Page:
Carmelo Anthony, SF, Nuggets: He's fifth in turnovers per game, and since he's got more of them than assists, in turnover leagues this is a problem. Anthony is a better fantasy player than he used to be, as his 7.4 rebounds per game are finally a serious number, and he shoots well and hits a few more 3-pointers each season. But man, those turnovers might be enough to make you think twice about trading for him, and there is no end in sight. A season ago he was No. 6 in turnovers per game.

Dwight Howard, C, Magic: The No. 16 guy on our Player Rater would be top 5 if not for that free throw percentage. In leagues that don't count turnovers and use free throws made rather than percentage, the guy is a fantasy monster. He's basically what Shaq was a decade ago. Of course, to some of you those turnovers really do matter, and Howard doesn't make much effort to pass. While Anthony has close to the same amount of turnovers and assists, a 0.95 ratio, Howard is 0.43. He's not even close. Then again, he doesn't get paid to pass.

Kevin Durant, SG/SF, Sonics: Rookies make mistakes, and Durant, while he's still on his way to the Rookie of the Year award because his 19.4 points per game easily trump all the other first-year players, is making mistakes. His 2.9 turnovers per game aren't good at all. A season prior, no rookie averaged as many as two turnovers per contest, as Randy Foye, Marcus Williams and Rudy Gay led the way. In 2005-06, rookies Chris Paul and Raymond Felton were at 2.3 turnovers per game, but as pure point guards, nobody complained. Durant is turning the ball over a lot. I think there are similarities between Durant and Anthony, incidentally. It might take a few years for Durant to become the rebounder people expect him to be, and that big-time scorer as well, but I do think it's coming. If you're in a keeper league that counts turnovers, however, be prepared for Durant to continue to provide them.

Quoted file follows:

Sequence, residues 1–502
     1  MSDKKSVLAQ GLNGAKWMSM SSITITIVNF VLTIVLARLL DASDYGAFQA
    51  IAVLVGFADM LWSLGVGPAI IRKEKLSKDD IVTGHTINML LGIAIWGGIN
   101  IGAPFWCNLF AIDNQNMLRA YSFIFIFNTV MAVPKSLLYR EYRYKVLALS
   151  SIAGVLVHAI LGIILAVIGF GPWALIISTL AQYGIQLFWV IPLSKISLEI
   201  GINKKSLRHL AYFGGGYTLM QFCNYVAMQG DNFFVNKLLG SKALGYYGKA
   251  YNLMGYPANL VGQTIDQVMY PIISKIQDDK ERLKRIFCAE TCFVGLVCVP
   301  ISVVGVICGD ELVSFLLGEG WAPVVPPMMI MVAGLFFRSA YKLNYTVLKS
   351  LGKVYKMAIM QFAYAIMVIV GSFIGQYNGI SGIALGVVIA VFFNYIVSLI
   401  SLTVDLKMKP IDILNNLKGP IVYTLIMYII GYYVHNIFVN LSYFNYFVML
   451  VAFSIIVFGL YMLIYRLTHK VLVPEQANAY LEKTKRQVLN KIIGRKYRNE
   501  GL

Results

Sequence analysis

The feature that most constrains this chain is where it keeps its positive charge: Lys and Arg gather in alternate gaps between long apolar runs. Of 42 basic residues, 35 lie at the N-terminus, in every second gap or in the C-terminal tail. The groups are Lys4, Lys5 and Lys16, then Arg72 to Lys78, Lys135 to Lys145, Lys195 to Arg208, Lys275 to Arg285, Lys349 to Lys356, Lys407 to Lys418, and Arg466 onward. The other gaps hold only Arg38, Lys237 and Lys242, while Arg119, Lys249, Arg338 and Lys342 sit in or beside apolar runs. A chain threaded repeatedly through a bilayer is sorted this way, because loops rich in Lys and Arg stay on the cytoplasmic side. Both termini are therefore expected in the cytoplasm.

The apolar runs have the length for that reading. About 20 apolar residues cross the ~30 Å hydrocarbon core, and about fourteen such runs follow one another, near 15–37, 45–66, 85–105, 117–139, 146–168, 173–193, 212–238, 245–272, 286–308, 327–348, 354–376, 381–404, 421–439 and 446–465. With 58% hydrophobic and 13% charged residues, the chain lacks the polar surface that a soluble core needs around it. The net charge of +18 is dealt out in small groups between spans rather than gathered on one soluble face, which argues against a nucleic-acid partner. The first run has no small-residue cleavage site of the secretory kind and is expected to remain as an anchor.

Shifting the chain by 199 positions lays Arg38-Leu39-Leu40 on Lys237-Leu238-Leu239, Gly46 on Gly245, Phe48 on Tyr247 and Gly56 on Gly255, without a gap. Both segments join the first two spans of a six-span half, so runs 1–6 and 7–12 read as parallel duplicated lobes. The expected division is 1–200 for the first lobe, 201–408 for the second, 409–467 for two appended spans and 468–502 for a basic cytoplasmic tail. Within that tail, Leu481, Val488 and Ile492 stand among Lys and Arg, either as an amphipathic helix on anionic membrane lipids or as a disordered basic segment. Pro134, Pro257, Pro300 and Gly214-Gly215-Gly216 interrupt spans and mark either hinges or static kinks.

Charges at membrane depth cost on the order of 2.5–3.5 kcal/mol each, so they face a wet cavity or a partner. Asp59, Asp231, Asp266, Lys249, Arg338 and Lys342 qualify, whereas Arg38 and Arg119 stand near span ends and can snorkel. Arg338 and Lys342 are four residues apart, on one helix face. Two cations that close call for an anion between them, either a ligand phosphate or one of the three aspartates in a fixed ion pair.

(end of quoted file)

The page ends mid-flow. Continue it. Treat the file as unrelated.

Al Thornton, SF, Clippers: Another rookie, and his 10 turnovers are easily his most of the season. Credit Philadelphia's ballhawking defense for saving the day! OK, but hey, can't I enjoy what might be a playoff season for my sub-.500 team? Thank you. As for Thornton, he did score 20 points, grab six rebounds, hit a few 3-pointers and shoot well, so chances are most of you didn't care about the mistakes, especially in ESPN leagues. Thornton is averaging just 1.49 turnovers per contest, though that number was at two per game in February, so be careful in pertinent formats. For the season, Kobe Bryant committed 11 turnovers on Jan. 31, and Thornton joined Nash (Feb. 6) with a 10-turnover game. Since 1986, the most turnovers in a game are by Jason Kidd with 14, Chris Mullin had 13 in a 1988 game and Wade has 12 in a game to join a host of others, including Scottie Pippen and Paul Pierce.

We should also give some attention to those who do take care of the ball. Calderon is a joy to own in turnover leagues. A season ago, the qualified NBA leader in assist-to-turnover ratio was Washington's Antonio Daniels at 4.20, and in 2005-06 it was Detroit's Chauncey Billups at 4.11. That puts into perspective just how careful Toronto's Calderon has been. If you're looking for those not-so-big names that do not play the point guard spot and whom feature a positive ratio, look at Richard Hamilton, Luke Walton, Boris Diaw and Andrei Kirilenko.